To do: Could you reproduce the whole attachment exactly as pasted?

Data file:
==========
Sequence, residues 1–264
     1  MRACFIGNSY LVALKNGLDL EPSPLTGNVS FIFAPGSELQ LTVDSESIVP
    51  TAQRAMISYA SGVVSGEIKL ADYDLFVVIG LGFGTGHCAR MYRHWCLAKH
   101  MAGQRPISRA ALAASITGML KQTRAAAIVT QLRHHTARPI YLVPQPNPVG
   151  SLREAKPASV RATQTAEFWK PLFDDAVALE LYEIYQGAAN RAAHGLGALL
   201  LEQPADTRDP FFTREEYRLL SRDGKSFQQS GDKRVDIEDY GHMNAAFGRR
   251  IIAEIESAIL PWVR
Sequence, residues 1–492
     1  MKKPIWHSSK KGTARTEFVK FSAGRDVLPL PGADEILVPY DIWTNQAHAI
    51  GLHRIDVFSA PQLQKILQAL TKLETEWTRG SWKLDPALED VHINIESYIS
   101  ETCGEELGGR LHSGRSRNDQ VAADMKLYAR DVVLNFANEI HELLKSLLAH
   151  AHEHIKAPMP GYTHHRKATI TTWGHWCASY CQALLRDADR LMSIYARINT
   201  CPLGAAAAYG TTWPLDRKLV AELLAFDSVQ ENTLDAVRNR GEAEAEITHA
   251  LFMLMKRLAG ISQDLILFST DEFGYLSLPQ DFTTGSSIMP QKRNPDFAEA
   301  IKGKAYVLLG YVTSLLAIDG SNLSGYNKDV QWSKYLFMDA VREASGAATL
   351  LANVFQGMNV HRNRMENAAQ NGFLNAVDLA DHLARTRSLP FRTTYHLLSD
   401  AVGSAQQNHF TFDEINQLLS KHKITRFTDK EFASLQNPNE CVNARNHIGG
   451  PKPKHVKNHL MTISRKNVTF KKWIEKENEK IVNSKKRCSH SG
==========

Sequence, residues 1–264
     1  MRACFIGNSY LVALKNGLDL EPSPLTGNVS FIFAPGSELQ LTVDSESIVP
    51  TAQRAMISYA SGVVSGEIKL ADYDLFVVIG LGFGTGHCAR MYRHWCLAKH
   101  MAGQRPISRA ALAASITGML KQTRAAAIVT QLRHHTARPI YLVPQPNPVG
   151  SLREAKPASV RATQTAEFWK PLFDDAVALE LYEIYQGAAN RAAHGLGALL
   201  LEQPADTRDP FFTREEYRLL SRDGKSFQQS GDKRVDIEDY GHMNAAFGRR
   251  IIAEIESAIL PWVR
Sequence, residues 1–492
     1  MKKPIWHSSK KGTARTEFVK FSAGRDVLPL PGADEILVPY DIWTNQAHAI
    51  GLHRIDVFSA PQLQKILQAL TKLETEWTRG SWKLDPALED VHINIESYIS
   101  ETCGEELGGR LHSGRSRNDQ VAADMKLYAR DVVLNFANEI HELLKSLLAH
   151  AHEHIKAPMP GYTHHRKATI TTWGHWCASY CQALLRDADR LMSIYARINT
   201  CPLGAAAAYG TTWPLDRKLV AELLAFDSVQ ENTLDAVRNR GEAEAEITHA
   251  LFMLMKRLAG ISQDLILFST DEFGYLSLPQ DFTTGSSIMP QKRNPDFAEA
   301  IKGKAYVLLG YVTSLLAIDG SNLSGYNKDV QWSKYLFMDA VREASGAATL
   351  LANVFQGMNV HRNRMENAAQ NGFLNAVDLA DHLARTRSLP FRTTYHLLSD
   401  AVGSAQQNHF TFDEINQLLS KHKITRFTDK EFASLQNPNE CVNARNHIGG
   451  PKPKHVKNHL MTISRKNVTF KKWIEKENEK IVNSKKRCSH SG